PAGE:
Saturday, March 5, 2011

The White Village

A few years ago, my parents and I were taking a sightseeing tour of Portsmouth, Virginia.  The bus driver pulled in front of a historic house and asked my dad, “Sir, how many stories do you think that house has?”  My dad replied, “Oh, I’d imagine a lot.”  The driver chuckled as he clarified, “No, I mean, how many floors?” 
I spent a lot of time as a kid lamenting that “I wasn’t born yet.”  My brother and I are the youngest grandchildren on both sides of our family.  There are two reasons for this – 1) my parents dated for years…and years.  If my mom hadn’t given my dad an ultimatum, they’d probably still be dating.  2) My mom was a bit of a surprise and is considerably younger than her siblings.  On my mom’s side of the family, Brother and I are generationally grandchildren but the age of the great-grandchildren…which proved confusing at one memorable family photo op.  Our cousins are (much) older so we didn’t grow up with them.  And me being me, I’ve always been a little ticked off that “I wasn’t born yet,” because I always felt like I missed out on all the fun and that I missed a crucial chapter of our family’s story.  
My mother and her mother, "Nanny"

My grandmother, or “Nanny” as we called her, moved to the White Village from Philadelphia a few years after my grandfather died.  She and my mom, who was 11 at the time, moved into a white house on Montgomery Avenue.  When I was little, I would listen to my (much) older cousins tell stories about “going to Nanny’s.”  I used to imagine a gang of cousins gathering for summer barbeques, Christmas dinners, and Easter egg hunts, all under the watchful eye of my mom who wasn’t much older than many of her nieces and nephews.  I had visions of Nanny doling out milk and cookies to her brood of grandkids when they came to visit her in that white house on Montgomery Avenue.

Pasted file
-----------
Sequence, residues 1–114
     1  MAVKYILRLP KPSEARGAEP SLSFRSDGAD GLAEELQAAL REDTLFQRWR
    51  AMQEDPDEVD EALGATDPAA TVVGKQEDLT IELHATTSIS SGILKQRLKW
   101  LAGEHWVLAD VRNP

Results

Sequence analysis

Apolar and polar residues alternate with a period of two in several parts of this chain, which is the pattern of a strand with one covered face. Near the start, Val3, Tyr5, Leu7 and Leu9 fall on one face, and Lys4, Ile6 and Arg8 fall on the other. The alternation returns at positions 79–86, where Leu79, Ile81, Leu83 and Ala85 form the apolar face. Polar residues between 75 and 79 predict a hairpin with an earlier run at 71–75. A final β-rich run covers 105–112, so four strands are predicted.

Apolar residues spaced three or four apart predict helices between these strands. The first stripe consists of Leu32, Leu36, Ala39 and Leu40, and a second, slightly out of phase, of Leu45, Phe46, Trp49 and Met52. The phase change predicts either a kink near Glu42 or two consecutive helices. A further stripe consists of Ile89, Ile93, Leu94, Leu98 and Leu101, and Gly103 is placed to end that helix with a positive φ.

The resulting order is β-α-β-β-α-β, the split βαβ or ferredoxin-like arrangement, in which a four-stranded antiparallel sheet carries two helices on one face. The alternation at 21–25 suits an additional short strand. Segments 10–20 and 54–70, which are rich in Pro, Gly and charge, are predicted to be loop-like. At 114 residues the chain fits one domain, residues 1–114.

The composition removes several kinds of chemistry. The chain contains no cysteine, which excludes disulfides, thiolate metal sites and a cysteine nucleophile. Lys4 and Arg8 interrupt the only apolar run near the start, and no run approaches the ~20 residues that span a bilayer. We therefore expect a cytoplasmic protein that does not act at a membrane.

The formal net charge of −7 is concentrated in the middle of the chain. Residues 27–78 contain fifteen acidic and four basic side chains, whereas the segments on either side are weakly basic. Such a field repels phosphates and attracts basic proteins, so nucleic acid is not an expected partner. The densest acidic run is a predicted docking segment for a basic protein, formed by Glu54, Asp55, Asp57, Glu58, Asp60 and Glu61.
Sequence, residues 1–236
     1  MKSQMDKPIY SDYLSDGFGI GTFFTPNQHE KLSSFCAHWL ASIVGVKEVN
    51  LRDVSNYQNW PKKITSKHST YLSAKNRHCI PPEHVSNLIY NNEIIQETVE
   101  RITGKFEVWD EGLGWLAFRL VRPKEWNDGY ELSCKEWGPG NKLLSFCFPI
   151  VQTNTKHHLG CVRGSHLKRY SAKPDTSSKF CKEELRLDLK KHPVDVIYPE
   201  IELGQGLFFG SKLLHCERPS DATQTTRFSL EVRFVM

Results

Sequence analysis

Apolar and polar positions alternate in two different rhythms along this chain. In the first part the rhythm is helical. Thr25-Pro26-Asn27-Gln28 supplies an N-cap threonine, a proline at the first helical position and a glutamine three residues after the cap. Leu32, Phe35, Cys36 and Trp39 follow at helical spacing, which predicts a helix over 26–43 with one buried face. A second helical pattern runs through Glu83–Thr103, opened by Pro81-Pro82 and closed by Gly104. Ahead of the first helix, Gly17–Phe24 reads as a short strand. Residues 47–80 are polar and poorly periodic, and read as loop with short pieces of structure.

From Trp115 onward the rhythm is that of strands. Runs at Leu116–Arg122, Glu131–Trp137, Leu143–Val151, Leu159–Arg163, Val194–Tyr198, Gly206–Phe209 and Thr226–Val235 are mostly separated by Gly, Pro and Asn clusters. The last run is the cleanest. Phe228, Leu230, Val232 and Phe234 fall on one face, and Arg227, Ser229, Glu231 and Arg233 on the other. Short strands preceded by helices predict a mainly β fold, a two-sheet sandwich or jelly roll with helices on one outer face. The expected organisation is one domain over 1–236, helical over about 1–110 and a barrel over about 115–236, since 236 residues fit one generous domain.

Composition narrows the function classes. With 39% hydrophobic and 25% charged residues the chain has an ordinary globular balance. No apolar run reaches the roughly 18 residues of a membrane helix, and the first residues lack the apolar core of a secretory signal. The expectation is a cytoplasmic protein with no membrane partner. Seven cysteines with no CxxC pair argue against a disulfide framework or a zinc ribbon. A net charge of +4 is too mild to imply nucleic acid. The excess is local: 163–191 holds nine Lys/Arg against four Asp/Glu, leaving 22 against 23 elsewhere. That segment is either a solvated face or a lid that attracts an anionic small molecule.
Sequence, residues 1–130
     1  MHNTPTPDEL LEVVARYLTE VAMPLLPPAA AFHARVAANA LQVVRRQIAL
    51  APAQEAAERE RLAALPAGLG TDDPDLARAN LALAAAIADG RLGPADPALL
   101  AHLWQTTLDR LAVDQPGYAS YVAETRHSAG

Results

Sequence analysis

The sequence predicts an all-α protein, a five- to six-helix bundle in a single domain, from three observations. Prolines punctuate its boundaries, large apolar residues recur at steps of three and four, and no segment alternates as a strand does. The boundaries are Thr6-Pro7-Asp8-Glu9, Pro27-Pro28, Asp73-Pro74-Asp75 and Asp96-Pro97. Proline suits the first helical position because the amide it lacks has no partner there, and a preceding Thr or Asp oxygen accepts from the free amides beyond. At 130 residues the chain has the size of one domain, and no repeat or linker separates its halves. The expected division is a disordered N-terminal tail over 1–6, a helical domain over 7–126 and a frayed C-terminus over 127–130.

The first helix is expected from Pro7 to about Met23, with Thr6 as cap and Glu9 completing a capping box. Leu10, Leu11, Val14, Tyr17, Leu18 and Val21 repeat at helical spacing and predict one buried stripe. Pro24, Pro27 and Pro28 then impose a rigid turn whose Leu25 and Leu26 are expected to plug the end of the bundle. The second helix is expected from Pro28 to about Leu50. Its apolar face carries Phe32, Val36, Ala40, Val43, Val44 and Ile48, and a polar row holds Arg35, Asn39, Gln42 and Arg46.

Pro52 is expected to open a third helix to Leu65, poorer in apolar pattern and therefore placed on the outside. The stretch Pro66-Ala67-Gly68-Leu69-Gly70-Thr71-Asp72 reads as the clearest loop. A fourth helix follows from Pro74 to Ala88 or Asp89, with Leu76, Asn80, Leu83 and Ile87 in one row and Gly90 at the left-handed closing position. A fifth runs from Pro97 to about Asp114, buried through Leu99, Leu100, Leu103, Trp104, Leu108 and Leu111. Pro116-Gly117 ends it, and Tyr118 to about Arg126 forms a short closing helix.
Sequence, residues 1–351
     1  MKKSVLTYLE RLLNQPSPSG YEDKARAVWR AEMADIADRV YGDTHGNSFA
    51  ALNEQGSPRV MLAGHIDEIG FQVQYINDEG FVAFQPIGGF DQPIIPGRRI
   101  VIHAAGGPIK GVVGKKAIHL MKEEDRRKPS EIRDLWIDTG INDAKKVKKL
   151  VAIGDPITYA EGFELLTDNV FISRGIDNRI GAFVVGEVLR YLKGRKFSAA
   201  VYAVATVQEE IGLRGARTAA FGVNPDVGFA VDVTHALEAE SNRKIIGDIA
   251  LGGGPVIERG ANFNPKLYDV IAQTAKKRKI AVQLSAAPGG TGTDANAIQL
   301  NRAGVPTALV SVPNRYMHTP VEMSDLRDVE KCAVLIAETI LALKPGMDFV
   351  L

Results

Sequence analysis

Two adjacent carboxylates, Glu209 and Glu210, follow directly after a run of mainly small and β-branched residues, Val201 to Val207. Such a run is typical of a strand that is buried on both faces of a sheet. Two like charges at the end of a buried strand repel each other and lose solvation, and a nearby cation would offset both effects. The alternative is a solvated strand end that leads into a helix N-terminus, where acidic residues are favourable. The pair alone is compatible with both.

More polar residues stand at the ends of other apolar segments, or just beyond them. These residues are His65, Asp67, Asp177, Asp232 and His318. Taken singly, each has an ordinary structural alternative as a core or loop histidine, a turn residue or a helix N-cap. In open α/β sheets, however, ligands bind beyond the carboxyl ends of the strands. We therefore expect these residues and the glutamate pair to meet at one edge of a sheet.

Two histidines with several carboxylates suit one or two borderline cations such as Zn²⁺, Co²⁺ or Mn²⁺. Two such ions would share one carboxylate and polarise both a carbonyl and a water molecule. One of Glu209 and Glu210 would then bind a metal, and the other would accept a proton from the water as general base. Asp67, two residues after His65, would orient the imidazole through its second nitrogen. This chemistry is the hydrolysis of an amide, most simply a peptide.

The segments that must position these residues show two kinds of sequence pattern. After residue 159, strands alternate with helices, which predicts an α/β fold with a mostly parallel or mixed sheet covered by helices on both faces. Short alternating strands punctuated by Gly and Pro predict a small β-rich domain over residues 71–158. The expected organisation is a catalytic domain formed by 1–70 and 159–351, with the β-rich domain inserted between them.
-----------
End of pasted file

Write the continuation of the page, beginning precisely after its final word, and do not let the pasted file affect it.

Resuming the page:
Two years ago, my brother bought a house in the White Village, a few streets away from Montgomery Avenue.  Shortly after he moved in, we were talking about the similarities between the homes in the neighborhood and one of our cousins asked us if we remembered the cuckoo clock in Nanny’s house.  We had to remind him that we weren’t born yet.  At my mom’s surprise party, I took another of my cousins on a tour of the second floor where she pointed out, “the bathroom was over here at Nanny’s house.”  Silently (because I didn’t want to be rude), I retorted, “well, I wouldn’t know that because I wasn’t born yet.”  I don’t remember Nanny’s cuckoo clock or where the bathroom was in her house because I was born long after the house on Montgomery Avenue became someone else’s.  
A Gang of (some of the) Cousins...and my mom

It turns out, my imagined version of what “going to Nanny’s,” was like was a little off…she wasn’t exactly the warm and fuzzy kind of grandma.  She was more likely to hit you with a wooden spoon than to serve you milk and cookies.  I don’t even know if there were Christmas dinners or Easter egg hunts at that white house on Montgomery Avenue.  What I do know is that the Pennsylvania cousins thought the New Jersey cousins were the favorites and the New Jersey cousins thought the Delaware cousins were the favorites and no one quite knew what to make of the California cousins.  And my mom, well, she didn’t exactly love it when all those kids came to visit. 
Sometimes the stories aren’t as good as we imagine them.    
And sometimes the stories are just floors.

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